Python and PHP have done really well in developing a community-based-community. The PHP documentation is a great example of usefulness and peer-reviewed code. Python has code samples everywhere, to the point that you have to filter out python results when searching for code in other programming languages. There's a Python demo for everything in C#.

...and back to the topic of C#. It's almost JavaScript to the point that I've now switched to writing JavaScript. I'm using nodeJS with node-webkit, and have little to no reason to go all the way back to the proprietary Microsoft.Net world. The node workspace has everything I could need (jQuery, d3, HTML5, GTK, SQL, Mongo).. and it's more cross-platform compatible than anything Microsoft will ever want to produce.

Maybe they'll finally allow what Mono tried to do succeed, but I really won't care by then. They lost me five years ago when 3.0 showed me they hadn't done any of the right things from the very beginning.

Reply Score: 4

RE: 10 Years TOO LATE!
by moondevil on Sun 6th Apr 2014 07:18 UTC in reply to "10 Years TOO LATE!"
moondevil Member since:
2005-07-08

There's a Python demo for everything in C#.


Running 100x slower!

Reply Score: 2

RE[2]: 10 Years TOO LATE!
by JacobMunoz on Sun 6th Apr 2014 09:01 UTC in reply to "RE: 10 Years TOO LATE!"
JacobMunoz Member since:
2006-03-17

That's true, python is slow - that wasn't the argument. The community, documentation, and management of the language was the issue at hand.

And it should be noted that python is a scripting language. Performance is not the objective - usefulness, simplicity, portability, expandability, those are the reasons for scripting.

If you really need to take performance seriously, you use something that compiles. If you need a quick startup script that interfaces with lots of programs and conditions, you best be using something scripty or you'll spend days on a compiled, packaged application.

Now, what I just said doesn't really apply to V8 (nodeJS) because of it's compiled+script nature.. but that's why I like it so much.

I do wish that Adobe Air had not been abandoned on Linux. It really felt like something I could do EXACTLY what I wanted - shaped windows with HTML, but it was not meant to be. This is currently still an issue with nodeJS, I can't find any working example of a GTK+ or QT shaped window written for node.

Reply Score: 2

RE[3]: 10 Years TOO LATE!
by tylerdurden on Sun 6th Apr 2014 20:22 UTC in reply to "RE[2]: 10 Years TOO LATE!"
tylerdurden Member since:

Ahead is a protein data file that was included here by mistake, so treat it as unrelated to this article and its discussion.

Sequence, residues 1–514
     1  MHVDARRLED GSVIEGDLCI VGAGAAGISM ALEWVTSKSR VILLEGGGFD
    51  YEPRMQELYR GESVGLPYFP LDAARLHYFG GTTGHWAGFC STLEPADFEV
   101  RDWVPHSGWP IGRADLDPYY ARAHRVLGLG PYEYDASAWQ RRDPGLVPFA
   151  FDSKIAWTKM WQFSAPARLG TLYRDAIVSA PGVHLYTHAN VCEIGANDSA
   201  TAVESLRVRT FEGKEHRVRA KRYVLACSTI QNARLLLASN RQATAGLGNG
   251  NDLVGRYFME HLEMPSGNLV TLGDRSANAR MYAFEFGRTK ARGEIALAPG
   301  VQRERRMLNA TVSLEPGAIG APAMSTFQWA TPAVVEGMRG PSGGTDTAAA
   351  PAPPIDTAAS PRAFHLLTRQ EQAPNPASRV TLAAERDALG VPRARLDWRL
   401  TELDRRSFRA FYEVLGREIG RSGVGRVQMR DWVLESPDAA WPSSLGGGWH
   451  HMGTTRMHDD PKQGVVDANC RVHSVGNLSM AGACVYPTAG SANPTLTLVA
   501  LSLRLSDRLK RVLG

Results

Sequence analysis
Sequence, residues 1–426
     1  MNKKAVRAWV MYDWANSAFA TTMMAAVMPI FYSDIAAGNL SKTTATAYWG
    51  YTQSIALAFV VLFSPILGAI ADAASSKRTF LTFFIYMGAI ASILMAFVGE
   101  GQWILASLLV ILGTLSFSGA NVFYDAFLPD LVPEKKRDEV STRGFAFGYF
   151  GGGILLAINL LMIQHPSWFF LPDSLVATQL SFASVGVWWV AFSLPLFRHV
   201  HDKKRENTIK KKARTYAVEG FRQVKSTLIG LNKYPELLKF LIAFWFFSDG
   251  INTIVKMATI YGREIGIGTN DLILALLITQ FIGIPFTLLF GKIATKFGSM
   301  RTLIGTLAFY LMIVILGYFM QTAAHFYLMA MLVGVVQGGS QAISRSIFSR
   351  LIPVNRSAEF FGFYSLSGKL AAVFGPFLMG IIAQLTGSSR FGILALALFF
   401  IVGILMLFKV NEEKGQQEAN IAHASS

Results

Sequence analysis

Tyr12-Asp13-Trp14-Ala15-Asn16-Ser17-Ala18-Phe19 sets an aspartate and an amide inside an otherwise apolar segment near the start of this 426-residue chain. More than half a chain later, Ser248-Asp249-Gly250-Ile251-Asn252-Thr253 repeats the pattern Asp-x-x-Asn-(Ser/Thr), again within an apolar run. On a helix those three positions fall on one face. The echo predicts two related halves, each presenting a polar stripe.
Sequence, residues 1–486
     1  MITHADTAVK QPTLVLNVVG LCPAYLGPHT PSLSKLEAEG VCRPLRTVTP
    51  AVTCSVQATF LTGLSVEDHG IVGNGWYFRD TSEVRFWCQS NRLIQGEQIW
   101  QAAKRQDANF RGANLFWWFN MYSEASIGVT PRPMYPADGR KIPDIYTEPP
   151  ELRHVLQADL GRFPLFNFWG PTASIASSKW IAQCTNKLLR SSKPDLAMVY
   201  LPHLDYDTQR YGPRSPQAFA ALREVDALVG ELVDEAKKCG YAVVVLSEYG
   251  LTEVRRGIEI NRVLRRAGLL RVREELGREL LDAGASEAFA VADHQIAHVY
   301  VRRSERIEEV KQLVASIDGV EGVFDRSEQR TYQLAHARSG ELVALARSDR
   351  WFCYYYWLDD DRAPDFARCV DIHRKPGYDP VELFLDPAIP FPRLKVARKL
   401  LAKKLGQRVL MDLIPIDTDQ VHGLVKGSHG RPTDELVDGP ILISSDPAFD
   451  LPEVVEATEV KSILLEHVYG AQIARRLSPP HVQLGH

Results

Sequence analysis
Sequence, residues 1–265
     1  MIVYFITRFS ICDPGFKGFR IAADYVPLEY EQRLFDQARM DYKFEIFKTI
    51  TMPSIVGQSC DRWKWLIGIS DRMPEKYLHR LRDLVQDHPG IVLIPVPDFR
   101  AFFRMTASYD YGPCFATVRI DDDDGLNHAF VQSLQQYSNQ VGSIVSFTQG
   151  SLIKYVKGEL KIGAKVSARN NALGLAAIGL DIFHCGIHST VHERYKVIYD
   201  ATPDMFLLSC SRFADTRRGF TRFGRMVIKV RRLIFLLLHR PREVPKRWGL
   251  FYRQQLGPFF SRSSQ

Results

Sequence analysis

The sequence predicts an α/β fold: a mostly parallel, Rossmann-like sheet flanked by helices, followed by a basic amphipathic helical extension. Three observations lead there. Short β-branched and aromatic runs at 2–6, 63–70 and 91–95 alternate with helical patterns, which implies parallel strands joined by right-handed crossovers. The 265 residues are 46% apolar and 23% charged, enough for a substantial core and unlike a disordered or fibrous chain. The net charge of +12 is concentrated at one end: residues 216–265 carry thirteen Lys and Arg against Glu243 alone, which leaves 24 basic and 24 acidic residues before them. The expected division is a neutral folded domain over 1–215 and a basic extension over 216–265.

2009-03-17


And it should be noted that python is a scripting language.


Basically any computer language is a "scripting language." You meant "interpreted" perhaps?

Edited 2014-04-06 20:24 UTC

Reply Score: 3

RE[4]: 10 Years TOO LATE!
by JacobMunoz on Mon 7th Apr 2014 02:48 UTC in reply to "RE[3]: 10 Years TOO LATE!"
JacobMunoz Member since:
2006-03-17

Being interpreted is important but "script" is regarded as a class of languages.

For example Lisp is not regarded as a script, but Emacs Lisp is. Similarly, Visual Basic is not regarded as a script but VBScript and VB for Applications (office VBA) are.

Its not a major distinction, but script languages are mostly used as macro "glue" for other applications. Most BASIC dialects can be regarded as scripts even if they compile. One of the advantages to a script is that they can be self-modifying and generate their own code. This feature alone can make the slowness of a script practically irrelevant.

Reply Score: 3

RE[5]: 10 Years TOO LATE!
by tylerdurden on Mon 7th Apr 2014 19:37 UTC in reply to "RE[4]: 10 Years TOO LATE!"
tylerdurden Member since:
2009-03-17

True, but when it comes to Python scripting is a side effect not its main purpose IMO.

Reply Score: 2

RE[2]: 10 Years TOO LATE!
by ricegf on Sun 6th Apr 2014 11:15 UTC in reply to "RE: 10 Years TOO LATE!"
ricegf Member since:
2007-04-25

" There's a Python demo for everything in C#.


Running 100x slower!
"

So what?

Python's remarkable popularity isn't based on creating office suites and FPS games, it's based on getting a lot of work done really fast.

If you need a one-time data transform, or a cron script to simplify your life, getting the code written is the biggest expense, not the time spent running the code. Python excels in this space.

Google uses so much Python for tossing around huge data sets that they recruited Python's creator to work for them, and invested in their Unladen Swallow project to provide some excellent language improvements to the reference implementation - also called CPython, to distinguish it from the Java-based Jython, the .NET based IRON Python, the truly innovative Python-based PyPy, and a few others I'm probably forgetting.

Python makes languages fun again IMHO. :-)

And if you've never tried iPython, you should definitely take a look. Freaking awesome!

Reply Score: 2

RE[3]: 10 Years TOO LATE!
by moondevil on Sun 6th Apr 2014 16:59 UTC in reply to "RE[2]: 10 Years TOO LATE!"
moondevil Member since:
2005-07-08

I use Python one and off, since the 1.x days.

Nowadays I rather use F# for the same tasks.

Yes, IPython is great as a InterLisp/Smalltalk remake. ;)

Reply Score: 2